Still, the firm managed to report net revenues of $15.7 billion for its first quarter.
Grow Your Business,
Not Your Inbox
Stay informed and join our daily newsletter now!
2 min read
The firm announced in an earnings call last Friday that it lost $644 million from a “credit event” for Archegos in addition to $267 million in trading losses. The combined $911 million loss was partly driven by Morgan Stanley’s role as an underwriter on ViacomCBS shares. The firm had served as one of Archegos’ prime brokers and oversaw a $3 billion stock offering that fell apart in March.
“We liquidated some very large single stock positions through a series of block sales culminating on Sunday night, March 28,” Morgan Stanley CEO James Gorman reportedly said on the call with analysts. “That resulted in a net loss of $644 million, which represents the amount the client owed us under the transactions that they failed to pay us.”
Gorman added that the firm made the decision to “to completely de-risk the remaining smaller long and short positions.” In an effort to escape the risk as quickly as possible, Morgan Stanley incurred an “incremental loss of $267 million.”
Archegos was founded in 2013 by Bill Hwang, a protege of Tiger Management founder Julian Robertson. Despite his prior run-ins with the SEC, he was able to secure lenders in Morgan Stanley, Credit Suisse, Nomura and Mitsubishi UFJ Financial Group Inc. to grow his family office’s portfolio.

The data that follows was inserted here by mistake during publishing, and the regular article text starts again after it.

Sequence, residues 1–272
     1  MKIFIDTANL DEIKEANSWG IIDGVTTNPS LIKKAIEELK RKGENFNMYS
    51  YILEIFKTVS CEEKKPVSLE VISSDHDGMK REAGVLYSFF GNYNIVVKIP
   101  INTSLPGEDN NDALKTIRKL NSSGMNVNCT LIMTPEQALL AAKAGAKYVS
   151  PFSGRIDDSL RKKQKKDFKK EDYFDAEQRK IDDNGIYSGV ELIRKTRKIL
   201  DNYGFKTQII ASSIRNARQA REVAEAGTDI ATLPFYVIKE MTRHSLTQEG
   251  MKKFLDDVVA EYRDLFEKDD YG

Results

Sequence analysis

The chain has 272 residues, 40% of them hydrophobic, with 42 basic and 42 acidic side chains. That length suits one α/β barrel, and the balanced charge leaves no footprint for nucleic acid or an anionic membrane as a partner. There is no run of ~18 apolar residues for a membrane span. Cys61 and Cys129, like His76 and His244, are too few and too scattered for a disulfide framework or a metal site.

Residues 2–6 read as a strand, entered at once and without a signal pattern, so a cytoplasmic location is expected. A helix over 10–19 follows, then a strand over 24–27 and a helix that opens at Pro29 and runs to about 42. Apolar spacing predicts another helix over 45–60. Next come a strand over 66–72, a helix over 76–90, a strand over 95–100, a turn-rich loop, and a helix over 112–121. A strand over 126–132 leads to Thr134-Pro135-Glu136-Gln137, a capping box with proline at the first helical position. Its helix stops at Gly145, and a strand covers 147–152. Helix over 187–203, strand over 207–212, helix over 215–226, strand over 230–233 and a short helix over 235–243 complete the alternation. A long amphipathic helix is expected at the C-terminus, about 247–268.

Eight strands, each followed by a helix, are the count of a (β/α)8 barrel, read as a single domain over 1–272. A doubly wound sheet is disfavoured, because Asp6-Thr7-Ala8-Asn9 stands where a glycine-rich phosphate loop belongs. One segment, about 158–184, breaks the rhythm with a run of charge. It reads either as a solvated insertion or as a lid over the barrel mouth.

Last month, however, Archegos suffered a major setback when ViacomCBS — on which the family office had bet massively and tripled its shares in four months — saw its stock offering crumble. Brokers immediately scrambled to exit the positions on Archegos’ behalf to stem their losses, but Morgan Stanley waited until the following Sunday to sell a block of the company’s stock. Though the firm subsequently suffered losses, it still managed to report net revenues of $15.7 billion for its first quarter.
Hwang, on the other hand, lost $20 billion in just two days. Other firms, including Credit Suisse, Nomura and Mitsubishi UFJ Financial Group Inc., were also hit hard. According to CNBC, Credit Suisse lost $4.7 billion while Nomura lost approximately $2 billion.
World News || Latest News || U.S. News